creating an attribute profile for an entity contact and storing the created attribute profile in memory, including mining a past collaboration activity, the profile including a collaboration vector comprising a keyword representing a collaboration topic between the first entity and the entity contact, the keyword associated with a calculated weight;
calculating a contact score for each entity contact defining relevance matching between the file and the entity contact, the contact score calculated based upon the weight of the keyword in the profile of the entity contact and the keyword associated with the file;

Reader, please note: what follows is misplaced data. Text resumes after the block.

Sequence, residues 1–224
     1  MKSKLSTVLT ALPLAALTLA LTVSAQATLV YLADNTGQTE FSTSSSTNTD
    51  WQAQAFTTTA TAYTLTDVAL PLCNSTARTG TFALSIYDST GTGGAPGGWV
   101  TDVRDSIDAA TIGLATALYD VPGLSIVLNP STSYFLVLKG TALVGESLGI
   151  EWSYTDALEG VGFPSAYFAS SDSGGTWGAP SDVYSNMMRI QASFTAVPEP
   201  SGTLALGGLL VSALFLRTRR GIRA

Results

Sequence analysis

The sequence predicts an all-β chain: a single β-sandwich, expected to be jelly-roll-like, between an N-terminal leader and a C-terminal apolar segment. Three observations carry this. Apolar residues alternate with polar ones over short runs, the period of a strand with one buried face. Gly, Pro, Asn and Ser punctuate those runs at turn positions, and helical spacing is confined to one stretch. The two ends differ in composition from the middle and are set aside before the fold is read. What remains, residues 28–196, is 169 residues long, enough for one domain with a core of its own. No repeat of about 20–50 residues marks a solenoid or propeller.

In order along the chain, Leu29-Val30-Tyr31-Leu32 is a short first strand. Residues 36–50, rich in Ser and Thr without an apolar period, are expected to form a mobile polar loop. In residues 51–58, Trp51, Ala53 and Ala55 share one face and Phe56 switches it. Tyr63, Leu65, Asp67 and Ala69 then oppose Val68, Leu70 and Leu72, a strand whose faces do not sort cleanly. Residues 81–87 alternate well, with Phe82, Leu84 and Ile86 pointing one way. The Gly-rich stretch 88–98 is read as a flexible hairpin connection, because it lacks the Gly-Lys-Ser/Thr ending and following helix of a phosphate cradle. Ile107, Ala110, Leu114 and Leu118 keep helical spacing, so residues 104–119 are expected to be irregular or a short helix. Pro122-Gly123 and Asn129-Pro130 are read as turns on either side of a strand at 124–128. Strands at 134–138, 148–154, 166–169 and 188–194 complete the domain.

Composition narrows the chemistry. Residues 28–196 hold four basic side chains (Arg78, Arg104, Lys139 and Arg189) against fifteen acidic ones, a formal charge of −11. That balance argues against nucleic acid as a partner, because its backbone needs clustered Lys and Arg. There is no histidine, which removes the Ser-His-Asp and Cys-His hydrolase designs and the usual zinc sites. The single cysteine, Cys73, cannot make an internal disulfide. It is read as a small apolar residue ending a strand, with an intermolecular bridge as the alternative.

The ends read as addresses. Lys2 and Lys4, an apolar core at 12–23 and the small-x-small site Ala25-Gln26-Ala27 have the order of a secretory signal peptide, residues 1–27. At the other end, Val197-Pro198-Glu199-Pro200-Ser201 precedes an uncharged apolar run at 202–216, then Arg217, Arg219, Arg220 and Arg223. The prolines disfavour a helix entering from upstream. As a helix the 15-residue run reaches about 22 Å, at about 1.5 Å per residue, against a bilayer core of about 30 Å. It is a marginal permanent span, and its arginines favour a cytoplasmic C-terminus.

interactively recommending a first entity contact within the restricted maximum sharing scope to the first entity as a candidate for file sharing based upon an associated contact score;
updating a contact profile and the collaboration vector of each entity contact using new collaboration information on a periodic basis; and
interactively adjusting the recommendation for file sharing based on the updated contact profile, wherein the interactive adjustment includes an automated evaluation within the restricted maximum sharing scope.
20. The method of claim 19, further comprising dynamically tracking a past collaborative activity in a shared pool of resources, and based upon the past activity recommending a recipient for a current collaborative activity in the shared pool.